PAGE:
Many Atlanta residents complain about the high cost of water. According to the Atlanta Journal-Constitution, Atlanta residents pay 108 percent more than New York City residents and 144 percent more than San Antonio residents for water. A water meter calculates total water usage in cubic feet, and it doesn't reflect the amount of water you have used per billing cycle. Instead the meter reflects the total cubic feet of water used since the installation of the meter. To figure out your day-to-day usage, you will need to subtract the previous day's total from the new reading.
Read the number of cubic feet on the meter. The first four digits are in white boxes, the last two digits are in a black boxes. For example, if the first four digits in the white boxes are 0627, and the last two digits in the black boxes are 10. The correct reading for this meter is 062710 cubic feet.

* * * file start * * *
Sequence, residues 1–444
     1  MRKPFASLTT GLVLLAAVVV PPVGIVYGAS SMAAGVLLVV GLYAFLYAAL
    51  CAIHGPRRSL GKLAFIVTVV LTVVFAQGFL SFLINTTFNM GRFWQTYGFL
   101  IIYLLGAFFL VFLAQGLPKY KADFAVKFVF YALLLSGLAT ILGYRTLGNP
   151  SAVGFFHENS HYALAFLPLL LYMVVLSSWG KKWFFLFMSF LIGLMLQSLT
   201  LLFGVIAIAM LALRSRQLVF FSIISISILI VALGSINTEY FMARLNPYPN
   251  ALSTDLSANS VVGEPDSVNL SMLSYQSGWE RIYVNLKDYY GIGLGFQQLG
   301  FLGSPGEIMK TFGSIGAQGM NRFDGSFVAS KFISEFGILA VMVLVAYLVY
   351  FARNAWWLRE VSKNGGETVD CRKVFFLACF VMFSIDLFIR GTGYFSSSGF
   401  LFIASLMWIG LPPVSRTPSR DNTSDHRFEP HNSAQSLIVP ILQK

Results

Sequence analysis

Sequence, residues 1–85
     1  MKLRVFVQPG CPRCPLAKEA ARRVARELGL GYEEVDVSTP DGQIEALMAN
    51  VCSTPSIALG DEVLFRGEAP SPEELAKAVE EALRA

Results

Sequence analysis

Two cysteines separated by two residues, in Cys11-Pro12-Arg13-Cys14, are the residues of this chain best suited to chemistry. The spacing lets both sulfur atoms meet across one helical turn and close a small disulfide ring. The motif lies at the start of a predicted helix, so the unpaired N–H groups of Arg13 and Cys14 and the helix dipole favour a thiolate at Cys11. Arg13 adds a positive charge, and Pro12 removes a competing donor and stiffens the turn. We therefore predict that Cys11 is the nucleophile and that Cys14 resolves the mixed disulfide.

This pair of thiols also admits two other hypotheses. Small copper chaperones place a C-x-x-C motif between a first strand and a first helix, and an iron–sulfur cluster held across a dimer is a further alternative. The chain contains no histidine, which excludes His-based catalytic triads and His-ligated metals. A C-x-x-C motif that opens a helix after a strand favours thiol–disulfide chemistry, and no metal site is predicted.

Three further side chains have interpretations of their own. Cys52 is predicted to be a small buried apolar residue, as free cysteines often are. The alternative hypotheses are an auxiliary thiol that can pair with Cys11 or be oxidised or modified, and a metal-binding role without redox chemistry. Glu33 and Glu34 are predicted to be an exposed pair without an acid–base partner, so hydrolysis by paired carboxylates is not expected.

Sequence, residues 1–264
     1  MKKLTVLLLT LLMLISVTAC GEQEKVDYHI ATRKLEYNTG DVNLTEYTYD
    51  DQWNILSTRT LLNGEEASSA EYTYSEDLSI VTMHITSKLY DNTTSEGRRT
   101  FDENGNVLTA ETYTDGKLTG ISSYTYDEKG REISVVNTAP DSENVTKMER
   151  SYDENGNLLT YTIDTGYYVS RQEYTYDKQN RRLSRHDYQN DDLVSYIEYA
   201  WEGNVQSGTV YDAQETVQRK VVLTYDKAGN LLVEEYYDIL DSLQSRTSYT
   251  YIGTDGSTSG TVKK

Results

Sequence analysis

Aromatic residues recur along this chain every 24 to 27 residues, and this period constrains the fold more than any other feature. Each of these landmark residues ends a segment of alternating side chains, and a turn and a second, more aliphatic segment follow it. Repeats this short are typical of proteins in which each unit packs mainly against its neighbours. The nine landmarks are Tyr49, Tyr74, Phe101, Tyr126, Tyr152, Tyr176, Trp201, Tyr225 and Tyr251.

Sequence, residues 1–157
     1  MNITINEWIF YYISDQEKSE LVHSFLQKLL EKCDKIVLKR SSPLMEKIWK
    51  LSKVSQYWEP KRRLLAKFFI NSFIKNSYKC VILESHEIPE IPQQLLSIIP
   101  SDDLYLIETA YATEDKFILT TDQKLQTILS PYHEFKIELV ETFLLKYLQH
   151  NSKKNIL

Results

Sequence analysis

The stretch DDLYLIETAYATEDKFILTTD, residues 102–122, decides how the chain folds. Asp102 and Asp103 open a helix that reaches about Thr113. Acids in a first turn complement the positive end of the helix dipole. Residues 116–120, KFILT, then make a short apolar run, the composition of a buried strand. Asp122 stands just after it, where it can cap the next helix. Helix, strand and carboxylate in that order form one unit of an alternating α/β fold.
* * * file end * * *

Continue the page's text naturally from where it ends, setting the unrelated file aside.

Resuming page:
Read the dial. The dial is numbered from "0" to ".9." If the dial hand is currently on the third marking between the "0" and ".1," then the current reading for the dial hand is .03. If the dial is pointing toward the second marking after ".9," before "0," the correct reading is .92.
Add the dial units to the meter reading. For example, if the meter reads 062710, and the dial is pointing toward .92. The total cubic feet of water used is 062710.92.
Read the meter again the next day to get an idea of how much water you consume on a daily basis. Subtract the original reading from the new reading to get the total cubic feet of water used for that particular day.
Divide the number of cubic feet by 748 to get the total number of gallons used.
Your water bill will escalate if you have a leak or your water meter is somehow inaccurate. If the digits and dial hand on the water meter continue to move when you have no water on, you most likely have a water leak that will need to be addressed.
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